If Sen. John McCain cannot win over Alaska Republicans who voted overwhelmingly against him as a presidential nominee on Super Tuesday, it could give Democrats the best chance they've had in decades to win Alaska's three electoral votes in November.
"I think Alaska is going to go Democratic," said Patti Higgins, chairwoman of the state Democratic Party.
Prominent Juneau Republican Paulette Simpson said there was no way, regardless of the nominee, that Alaska would not go Republican.
"Never," she said. "That's an impossibility - Alaska is a solidly Republican state."
McCain became the presumptive Republican nominee this week, after a big Super Tuesday victory nationwide and top challenger Mitt Romney's decision to suspend his campaign.
That leaves Juneau Romney supporter Dorothy Wilson with no one to support in November.
"I've voted my whole life, and I may not vote this time," said Wilson, of Juneau, after Romney's announcement.
Wilson was among many Alaska Republicans who said they opposed McCain, not just supported a different candidate.
McCain has clashed with Alaska's congressional delegation on support for the state in the past and has opposed opening the Arctic National Wildlife Refuge to oil development.
That may have contributed to McCain's dismal showing in Alaska, where he placed fourth in a four-way race, behind Romney, former Arkansas Gov. Mike Huckabee and Texas Congressman Ron Paul.
Party leaders now have to win over those wavering Republicans, and wondering whether they'll be able to convince them to support the party nominee in the fall.
"Everybody across the country is asking this question today, and I don't have an answer to it," said Ben Brown, a Republican party leader in Juneau.
Gov. Sarah Palin, the state's most prominent Republican, has not yet decided who to publicly support, said Sharon Leighow, spokeswoman for the governor.
"Before she's willing to endorse, she's still hoping to talk with Sen. McCain," Leighow said.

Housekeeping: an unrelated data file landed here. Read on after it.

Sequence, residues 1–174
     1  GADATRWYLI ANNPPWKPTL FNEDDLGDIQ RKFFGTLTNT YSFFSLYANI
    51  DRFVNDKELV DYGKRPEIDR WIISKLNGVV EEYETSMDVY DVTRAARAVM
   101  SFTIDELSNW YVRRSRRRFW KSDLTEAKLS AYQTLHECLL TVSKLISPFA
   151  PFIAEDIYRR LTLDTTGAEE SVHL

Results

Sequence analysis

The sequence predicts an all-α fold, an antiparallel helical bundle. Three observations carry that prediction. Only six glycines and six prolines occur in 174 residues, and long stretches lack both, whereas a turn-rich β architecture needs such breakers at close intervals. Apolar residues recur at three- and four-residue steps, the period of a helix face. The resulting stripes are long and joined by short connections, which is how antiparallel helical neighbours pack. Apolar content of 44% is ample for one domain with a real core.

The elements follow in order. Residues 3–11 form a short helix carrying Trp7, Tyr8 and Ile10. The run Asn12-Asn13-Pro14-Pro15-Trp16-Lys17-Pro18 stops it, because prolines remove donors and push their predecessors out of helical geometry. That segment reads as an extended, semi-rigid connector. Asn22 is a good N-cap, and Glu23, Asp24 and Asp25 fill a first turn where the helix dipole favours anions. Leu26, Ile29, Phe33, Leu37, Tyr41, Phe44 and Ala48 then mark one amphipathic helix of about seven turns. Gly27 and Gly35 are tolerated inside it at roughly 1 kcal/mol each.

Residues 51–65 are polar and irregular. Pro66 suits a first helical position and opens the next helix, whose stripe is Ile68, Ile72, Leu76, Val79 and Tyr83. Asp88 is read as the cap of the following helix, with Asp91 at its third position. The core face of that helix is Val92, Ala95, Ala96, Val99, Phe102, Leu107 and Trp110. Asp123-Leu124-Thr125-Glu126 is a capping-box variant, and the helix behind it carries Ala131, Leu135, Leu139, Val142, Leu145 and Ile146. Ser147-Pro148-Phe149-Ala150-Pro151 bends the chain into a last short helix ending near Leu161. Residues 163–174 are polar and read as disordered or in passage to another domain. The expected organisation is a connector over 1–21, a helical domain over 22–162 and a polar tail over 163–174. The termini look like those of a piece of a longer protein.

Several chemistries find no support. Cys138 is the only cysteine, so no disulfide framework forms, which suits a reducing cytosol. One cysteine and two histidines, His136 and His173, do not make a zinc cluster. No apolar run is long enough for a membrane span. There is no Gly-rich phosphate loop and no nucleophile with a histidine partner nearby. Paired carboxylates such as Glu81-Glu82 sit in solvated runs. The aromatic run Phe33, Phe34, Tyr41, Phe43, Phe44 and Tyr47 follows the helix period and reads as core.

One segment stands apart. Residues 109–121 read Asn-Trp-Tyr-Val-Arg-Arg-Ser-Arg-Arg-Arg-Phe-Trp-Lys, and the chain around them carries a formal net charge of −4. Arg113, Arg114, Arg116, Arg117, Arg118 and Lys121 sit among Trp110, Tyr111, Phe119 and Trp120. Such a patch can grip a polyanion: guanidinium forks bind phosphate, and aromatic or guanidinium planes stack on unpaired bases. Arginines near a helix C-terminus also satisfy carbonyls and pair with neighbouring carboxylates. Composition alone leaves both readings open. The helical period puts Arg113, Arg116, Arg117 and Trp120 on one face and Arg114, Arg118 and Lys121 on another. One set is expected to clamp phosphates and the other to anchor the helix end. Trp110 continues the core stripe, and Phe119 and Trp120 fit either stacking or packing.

She already has spoken with Romney and Huckabee, Leighow said.
Simpson has identified support for the state's position on ANWR as a key issue for her, but said she'll support whoever the Republican candidate is, even if it is McCain.
"If he comes out of the convention (as the nominee) I'll support him," she said.
For Brown, supporting McCain is easy.
"I voted for join McCain on Tuesday, so it's not an issue I face," he said. "John McCain is a really great person."
Higgins, ironically, made an argument about ANWR that may work in McCain's favor in Alaska.
"The Bush administration had a supermajority and it still couldn't open ANWR," she said. "I don't think it makes a bit of difference" who the president is when it comes to opening ANWR.
Romney supporter Wilson also indicated that despite her initial opposition to McCain, she might vote for him yet.
"I'm not comfortable with John McCain, but I'm more comfortable with him than I am with Hillary or Obama," she said.
Wilson said she disagreed with McCain's stands on illegal immigration and taxes, but she disagreed with some of Romney's stands as well and voted for him anyway as the best candidate running.
"I'm really afraid that the Republican may not be able to win," she said.
Contact reporter Pat Forgey at 523-2250 or firstname.lastname@example.org.
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